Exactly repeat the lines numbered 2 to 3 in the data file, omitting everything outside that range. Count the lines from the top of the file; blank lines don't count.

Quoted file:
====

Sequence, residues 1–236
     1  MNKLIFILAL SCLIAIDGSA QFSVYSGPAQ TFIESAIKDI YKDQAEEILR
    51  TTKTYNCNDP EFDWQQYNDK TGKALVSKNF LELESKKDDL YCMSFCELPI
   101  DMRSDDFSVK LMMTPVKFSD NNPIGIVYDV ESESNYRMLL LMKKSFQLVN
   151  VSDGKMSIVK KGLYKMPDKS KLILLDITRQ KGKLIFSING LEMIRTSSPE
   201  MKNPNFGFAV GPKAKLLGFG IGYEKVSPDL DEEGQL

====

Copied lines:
     1  MNKLIFILAL SCLIAIDGSA QFSVYSGPAQ TFIESAIKDI YKDQAEEILR
    51  TTKTYNCNDP EFDWQQYNDK TGKALVSKNF LELESKKDDL YCMSFCELPI